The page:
Frequent fliers on American Airlines who haven't been paying attention to their monthly statements lately may get a bit of a surprise come January.
That's because the airline will erase any miles earned in 1993 at the stroke of midnight on Dec. 31. Happy New Year.
For now, members of American Airlines' frequent-flier program are the only ones who have to scramble to save their miles before New Year's Day - and even they have several options. But more and more, the major airlines are making their frequent fliers travel free sooner rather than later (see box), using expiration dates on both miles and mileage coupons.
Since American started its program of erasing three-year-old frequent-flier miles back in 1989, United, Northwest, and Delta have followed suit.
Bill Dreslin, a spokesman for American, says they did it mostly to avoid a potential costly liability. "You could conceivably get into a situation where everyone decides to cash in at once, and there would be no way to manage it."
But after years of no limitations, frequent-flier miles have proved hard to rein in.
United, for example, has two classifications for its miles. Those earned before July 1988 were earned on an old plan, and if they aren't transferred to United's new plan (free of charge), they expire on Dec. 17, 1997.
Miles earned since July 1988 are on the new plan, and all miles earned through 1995 will expire on Dec. 31, 1998. All miles either earned or transferred from a pre-1988 account after 1995 will expire three years later.
Other airlines have a similarly complex deadlines. If you keep flying with Delta, miles don't expire. If you stop, they will expire three years after your last flight. With United, American, and Delta, you can exchange miles for. a coupon before the expiration date, which will extend them another year. Northwest doesn't offer a coupon, but you've still got two years.
If you're an American AAdvantages member who still has 1993 mileage, you've got five days to take action. Getting a coupon is the most popular option. That's what Mr. Dreslin is doing with his 8,000 miles from 1993. The coupon extends them until the end of 1997. Then he can book a flight a year in advance, giving him a second year.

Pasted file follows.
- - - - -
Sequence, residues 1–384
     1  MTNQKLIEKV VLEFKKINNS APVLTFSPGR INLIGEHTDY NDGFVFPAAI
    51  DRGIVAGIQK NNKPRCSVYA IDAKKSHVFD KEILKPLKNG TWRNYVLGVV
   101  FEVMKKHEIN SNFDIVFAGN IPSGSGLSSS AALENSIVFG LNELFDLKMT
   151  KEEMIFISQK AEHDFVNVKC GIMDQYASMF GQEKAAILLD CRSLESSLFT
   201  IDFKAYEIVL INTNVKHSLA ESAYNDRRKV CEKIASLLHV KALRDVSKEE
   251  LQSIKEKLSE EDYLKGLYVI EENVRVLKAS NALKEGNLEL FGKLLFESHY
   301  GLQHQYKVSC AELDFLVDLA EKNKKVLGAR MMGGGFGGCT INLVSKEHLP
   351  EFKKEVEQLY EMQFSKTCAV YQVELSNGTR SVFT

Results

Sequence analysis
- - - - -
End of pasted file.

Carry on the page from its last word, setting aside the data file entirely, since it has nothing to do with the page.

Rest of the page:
If keen to get out of town fast, you can get a domestic ticket with 20,000 miles and $100 or go to Europe with 30,000 and $200. But you have to go before March 31, 1997.
Other options: rental cars for 12,000 miles, hotel stays for 10,000, or donating miles to charity. Sorry, not tax deductible.
Right now, except for the coupon and the donation plan, these options are only available to American AAdvantage members. But, then again, they're the only ones who have to do something about their miles.
Here's what will happen to unused frequent flier miles earned with the nation's seven largest airlines.
United Airlines. Miles expire three years after they are earned. Miles earned through 1995 expire on Dec. 31, 1998. An exception: Miles earned prior to July 1988 have a separate policy.
American Airlines. Miles expire three years after earned. Miles earned in 1993 will expire on Dec. 31, 1996.
Delta Air Lines. Miles don't expire if you buy a Delta flight once every three years. Otherwise, miles expire three years after earned. Delta miles earned through May 1, 1995 expire in May 1, 1998.
Northwest Airlines. Miles expire three years after earned. Miles earned through 1995 expire Dec. 31, 1998.
USAir. No expiration.
Continental. No expiration.
TWA. No expiration.